The King of Staten Island

Since his firefighter father died heroically when he was only seven, 24 year-old Scott Carlin (Pete Davidson) hasn’t been able to get his life together, spending his days smoking weed with his buddies Oscar (Ricky Velez), Richie (Lou Wilson) and Igor (Moises Arias, "Monos") in his mother’s basement.  Kelsey (Bel Powley, "The Diary of a Teenage Girl") is upset that their friends-with-benefits relationship is kept under wraps while Scott’s sister Claire (Maude Apatow) worries about him when she’s not fighting with him.  But when mom Margie (Marisa Tomei) starts to date for the first time in seventeen years, and a firefighter at that, Scott faces an arrested coming-of-age as “The King of Staten Island.”

Laura's Review: B

A semi-fictitious autobiographical portrait of its star, cowritten by him and buddy Dave Sirius along with director Judd Apatow ("Trainwreck"), “The King of Staten Island” is a family and friends affair on both sides of the camera.  As usual with Apatow films, it runs a bit long (and feels it), but Davidson effortlessly carries his character study nestled within a community portrait.  This isn’t a laugh-a-minute comedy, instead a dramedy where tattoos both artful and inelegant draw the biggest guffaws.

In the modest Carlin home, women are trying to socialize their men.  The downstairs entreaties to go dancing are overruled with “The Purge” and pot smoking while upstairs Margie and Claire plead with Scott to choose a suit for Claire’s high school graduation party, Margie participating by phone from one of her jobs as a school nurse (the latter team win, Scott’s mom clearly holding sway).  At the McMansion coparty held by Claire’s best friend Joanne’s parents for both girls, Margie tries to deflect criticism of her son by noting his tattoo work, but when she brandishes her own sample on her inner arm, she’s asked if it’s a cocker spaniel.  It’s Claire.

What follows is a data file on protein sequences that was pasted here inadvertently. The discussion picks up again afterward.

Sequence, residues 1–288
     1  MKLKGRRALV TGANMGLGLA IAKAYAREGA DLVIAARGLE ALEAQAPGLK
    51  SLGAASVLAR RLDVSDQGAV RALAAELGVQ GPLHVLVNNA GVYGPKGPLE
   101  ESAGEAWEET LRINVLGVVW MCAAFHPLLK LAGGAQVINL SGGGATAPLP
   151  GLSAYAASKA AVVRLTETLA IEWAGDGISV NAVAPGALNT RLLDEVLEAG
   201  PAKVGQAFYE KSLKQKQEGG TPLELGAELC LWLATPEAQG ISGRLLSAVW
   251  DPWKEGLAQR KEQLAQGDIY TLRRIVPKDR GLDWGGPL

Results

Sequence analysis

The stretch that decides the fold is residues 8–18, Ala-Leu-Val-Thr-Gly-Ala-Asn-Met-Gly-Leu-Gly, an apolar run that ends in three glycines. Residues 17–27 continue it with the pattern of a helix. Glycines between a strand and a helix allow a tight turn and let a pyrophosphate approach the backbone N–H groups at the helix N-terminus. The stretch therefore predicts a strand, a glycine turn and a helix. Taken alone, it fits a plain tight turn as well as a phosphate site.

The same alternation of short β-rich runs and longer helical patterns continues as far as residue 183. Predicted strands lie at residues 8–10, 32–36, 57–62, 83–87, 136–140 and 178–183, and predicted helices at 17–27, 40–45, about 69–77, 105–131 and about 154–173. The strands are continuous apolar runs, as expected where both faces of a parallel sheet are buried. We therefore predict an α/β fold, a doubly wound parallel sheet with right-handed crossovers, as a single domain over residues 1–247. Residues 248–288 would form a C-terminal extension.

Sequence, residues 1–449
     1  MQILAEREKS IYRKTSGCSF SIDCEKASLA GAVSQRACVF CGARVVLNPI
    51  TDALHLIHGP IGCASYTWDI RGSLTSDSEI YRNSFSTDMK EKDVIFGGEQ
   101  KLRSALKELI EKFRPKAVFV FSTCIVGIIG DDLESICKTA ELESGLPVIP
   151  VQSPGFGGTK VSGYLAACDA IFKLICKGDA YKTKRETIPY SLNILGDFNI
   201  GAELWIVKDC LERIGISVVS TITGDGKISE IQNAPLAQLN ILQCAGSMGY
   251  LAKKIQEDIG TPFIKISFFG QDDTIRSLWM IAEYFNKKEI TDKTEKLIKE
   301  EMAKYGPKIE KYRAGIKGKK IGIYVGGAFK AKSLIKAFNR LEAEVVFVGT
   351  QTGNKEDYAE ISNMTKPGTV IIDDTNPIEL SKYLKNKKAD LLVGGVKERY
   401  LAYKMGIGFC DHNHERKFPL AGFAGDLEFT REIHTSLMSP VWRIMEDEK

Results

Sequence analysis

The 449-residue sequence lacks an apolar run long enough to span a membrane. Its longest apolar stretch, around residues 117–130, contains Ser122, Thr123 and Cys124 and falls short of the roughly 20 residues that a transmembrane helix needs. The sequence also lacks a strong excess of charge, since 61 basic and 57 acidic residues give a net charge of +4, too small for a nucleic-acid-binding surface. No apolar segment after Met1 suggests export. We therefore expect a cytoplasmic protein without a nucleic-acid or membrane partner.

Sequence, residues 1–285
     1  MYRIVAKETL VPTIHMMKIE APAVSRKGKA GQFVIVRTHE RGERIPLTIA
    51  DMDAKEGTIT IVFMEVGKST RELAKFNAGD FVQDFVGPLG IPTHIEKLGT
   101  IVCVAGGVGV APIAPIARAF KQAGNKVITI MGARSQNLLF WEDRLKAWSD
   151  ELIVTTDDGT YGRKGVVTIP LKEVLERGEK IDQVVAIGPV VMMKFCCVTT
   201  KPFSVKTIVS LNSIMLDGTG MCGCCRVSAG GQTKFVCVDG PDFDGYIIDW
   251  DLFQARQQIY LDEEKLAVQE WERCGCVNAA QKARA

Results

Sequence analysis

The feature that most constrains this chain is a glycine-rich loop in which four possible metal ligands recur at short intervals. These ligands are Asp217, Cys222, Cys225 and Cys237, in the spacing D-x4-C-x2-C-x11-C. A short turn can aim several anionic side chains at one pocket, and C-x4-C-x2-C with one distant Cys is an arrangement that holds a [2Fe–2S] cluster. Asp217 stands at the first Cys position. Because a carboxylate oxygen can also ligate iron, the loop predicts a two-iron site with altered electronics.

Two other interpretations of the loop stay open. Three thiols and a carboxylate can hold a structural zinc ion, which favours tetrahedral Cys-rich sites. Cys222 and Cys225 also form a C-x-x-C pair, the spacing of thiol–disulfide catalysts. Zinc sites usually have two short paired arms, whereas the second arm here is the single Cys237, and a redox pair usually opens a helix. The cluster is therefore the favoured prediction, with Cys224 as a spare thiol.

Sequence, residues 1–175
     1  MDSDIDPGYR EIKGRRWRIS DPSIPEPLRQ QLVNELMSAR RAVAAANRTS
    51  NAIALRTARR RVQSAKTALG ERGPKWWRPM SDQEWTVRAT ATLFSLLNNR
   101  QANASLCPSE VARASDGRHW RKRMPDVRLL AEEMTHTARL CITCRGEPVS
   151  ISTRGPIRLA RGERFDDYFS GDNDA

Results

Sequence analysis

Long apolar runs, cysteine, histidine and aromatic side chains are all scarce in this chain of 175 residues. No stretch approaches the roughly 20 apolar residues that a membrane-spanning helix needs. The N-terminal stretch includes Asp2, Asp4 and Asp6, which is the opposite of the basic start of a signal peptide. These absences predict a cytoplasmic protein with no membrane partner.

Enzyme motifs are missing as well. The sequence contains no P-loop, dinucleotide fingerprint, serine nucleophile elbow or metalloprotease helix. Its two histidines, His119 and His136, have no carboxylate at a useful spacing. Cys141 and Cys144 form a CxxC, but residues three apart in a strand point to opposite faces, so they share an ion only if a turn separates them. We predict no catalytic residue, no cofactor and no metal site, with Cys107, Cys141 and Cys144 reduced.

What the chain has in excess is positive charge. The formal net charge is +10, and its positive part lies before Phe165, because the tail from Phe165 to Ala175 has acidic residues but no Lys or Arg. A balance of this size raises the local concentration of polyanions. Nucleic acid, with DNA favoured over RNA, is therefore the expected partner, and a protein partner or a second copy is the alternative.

It will be Scott’s inking aspirations that begin to shift the ground beneath his feet.  While hanging with his male buddies out by the water, nine year-old Harold (Luke David Blumm) approaches and expresses interest in Scott’s body art and his desire for a Punisher tat.  Scott whips out his tattooing needle, gets the kid’s ‘consent,’ then sets to work, but Harold screams in pain and runs.  Later that day, Margie will open the door to the irate Ray Bishop (Bill Burr), his son Harold in tow, raging about her son’s egregious over stepping.  He returns the next day to apologize for the intensity of his outburst after having learned Margie is the widow of a fallen firefighter.  A flirtation begins.  Scott’s punishment is to make him responsible for getting Ray’s kids, Harold and younger sister Kelly (Alexis Rae Forlenza), to school.  Scott’s revulsion for Ray is fed by Ray's ex-wife Gina (Pamela Adlon), but then Ray takes him to a Staten Island Yankees game where Scott is introduced to firefighting vets like Papa (Steve Buscemi) who knew his dad…and then Scott begins to spend time in the firehouse.

While his alter ego is an aimless stoner who causes his harried mom no end of trouble, Davidson accomplishes that tricky balance of keeping his character likable.  True he has problems, his father’s death a psychological scar tattooed onto his arm, his health and mental well being taxed by Crohn’s disease and ADHD, but Scott doesn’t openly wallow in his issues, using humor to deflect pain.  This ability is even recognized openly in the film, Papa saying ‘I like this kid,’ when Scott complains about having to wash a fire engine considering its destination.  He is supported by family and friends but rebellions, such as Igor’s anger at being used as Scott’s ‘practice canvas,’ allow the character introspection (and Igor’s cat tattoo, in which his belly button has been conscripted as the cat’s anus, is one of the film’s great visual gags).